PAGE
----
Faculty Profiles

Michael A. O'Loughlin

The School of Education, Ruth S. Ammon College of Education and Health Sciences

Alumnae Hall 230

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General Information



Certificate in Psychoanalysis and Psychotherapy, Postdoctoral Programs in Psychoanalysis and Psychotherapy, Derner Institute for Advanced Psychological Studies, Adelphi University, New York (2003)

Ph.D., Developmental Psychology, Teachers College, Columbia University (1988)

M. Phil., Psychology, Teachers College, Columbia University (1982)

M.A., School Psychology, Teachers College, Columbia University (1981)

Graduate Diploma in Computer Science, Trinity College, Dublin, Ireland (1979)

Graduate Diploma in Education, University College, Dublin, Ireland (1978)

B.A. (Major - Psychology), University College, Dublin, Ireland (1977)

Elementary Education Teacher Certificate, St. Patrick’s College, Dublin, Ireland (1972)

Licenses and Certifications

Licenses and Certifications

New York State License in Psychology

Professional Experience

Professional Experience

Beginning in 2018 I am co-editor of the international journal, Psychoanalysis, Culture and Society, with Dr, Angie Voela of University of East London.

In 2015 I launched a book series for which I am the series editors, The series is entitled Psychoanalytic Studies: Clinical, Social, and Cultural Contexts, with Lexington Books.

In August 2017, with colleagues Dr. Awad Ibrahim (University of Ottawa), Dr, Gabrielle Ivinson (Manchester Metropolitan University), and Dr. Marek Tesar (University of Auckland), as series co-editors, I launched a book series, CRITICAL CHILDHOOD & YOUTH STUDIES: Clinical, educational, social and cultural inquiry, to be published by Lexington Books.

I was appointed Consulting Editor to Journal of Psychosocial Studies in 2018

Personal Statement

Personal Statement

In my teaching I strive to be caring, supportive, and student-centered, while at the same time providing intellectually challenging and rigorous courses for my students. All of my classes, irrespective of size or level, are taught seminar style, and involve students in rigorous intellectual work, in reflective writing, in group work, and quite frequently in projects that demand practical applications or research extensions of the ideas under study. My postdoctoral training in psychoanalysis, completed in 2003, has greatly enhanced my teaching capabilities and has allowed me to understand group dynamics and the workings of anxiety in the classroom. In addition, it has allowed me to become more courageous in dealing with complex, anxiety provoking topics, of which the current war and the recent WTC disaster are obvious examples. I believe that teaching should be anchored in students’ lives and experiences, but not bounded by the contexts of their lives. My goal is to enable students to go beyond these boundaries to envisage a wider range of possibilities so that they become informed proactive, caring, concerned citizens of our world. I believe that these values are evident both in my current course syllabi and in the pedagogical experiences students have in my classes. In all of my classes students encounter the following, which are illustrated in the syllabi for my courses:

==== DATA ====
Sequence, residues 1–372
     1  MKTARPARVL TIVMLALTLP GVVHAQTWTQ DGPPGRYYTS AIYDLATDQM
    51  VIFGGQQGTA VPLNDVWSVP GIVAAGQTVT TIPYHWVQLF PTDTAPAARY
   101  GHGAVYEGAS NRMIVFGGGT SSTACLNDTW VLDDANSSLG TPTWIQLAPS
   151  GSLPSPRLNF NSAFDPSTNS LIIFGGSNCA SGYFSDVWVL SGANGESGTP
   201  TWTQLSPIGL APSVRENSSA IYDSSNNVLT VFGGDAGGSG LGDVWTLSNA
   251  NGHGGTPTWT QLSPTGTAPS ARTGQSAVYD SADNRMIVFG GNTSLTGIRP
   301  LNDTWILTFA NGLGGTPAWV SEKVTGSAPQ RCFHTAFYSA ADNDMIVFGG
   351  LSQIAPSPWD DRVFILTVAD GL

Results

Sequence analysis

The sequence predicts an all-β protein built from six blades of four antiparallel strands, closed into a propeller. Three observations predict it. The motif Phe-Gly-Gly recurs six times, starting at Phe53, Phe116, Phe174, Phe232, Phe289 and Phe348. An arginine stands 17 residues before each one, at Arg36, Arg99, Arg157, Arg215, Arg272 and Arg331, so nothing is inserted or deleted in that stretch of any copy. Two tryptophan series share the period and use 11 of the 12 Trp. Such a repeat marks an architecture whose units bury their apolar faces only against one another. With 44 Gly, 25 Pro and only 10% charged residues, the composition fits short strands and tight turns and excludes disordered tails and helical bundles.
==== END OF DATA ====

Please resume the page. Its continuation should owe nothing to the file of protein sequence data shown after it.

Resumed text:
• Opportunities for autobiographical inquiry into their own emotional and cultural experiences
• Opportunities to enter the emotional and cultural experiences of persons different from themselves through study of literature, poetry, and films.
• Opportunities to expand their intellectual understanding through exposure to rigorous and demanding theoretical work
• Opportunities to learn in discursive environments in which dialogue and discussion are privileged, and students are encouraged to take responsibility for their own learning
• Multi-modal assessment including credit for
o active participation and informal writing
o autobiographical inquiry and writing
o field projects where applicable
o responses to literature and films
o rigorous theoretical term papers
o opportunity for self-evaluation as part of the grading process
I believe in my students and in their capacity to learn. I am willing to devote as much time as necessary in class and outside of class to assist students in accomplishing their goals. I set my standards as high as I can and I view it as my responsibility to assist students in attaining those standards.
I believe that a fundamental responsibility of a faculty member is to be a working scholar. Our classes should be filled with fresh ideas, provocative thoughts, and classic and cutting edge thinkers and writers. Anything less is a disservice to our students. I read widely and my classes change constantly as result of my desire to test out my understandings by bringing new ideas to students.

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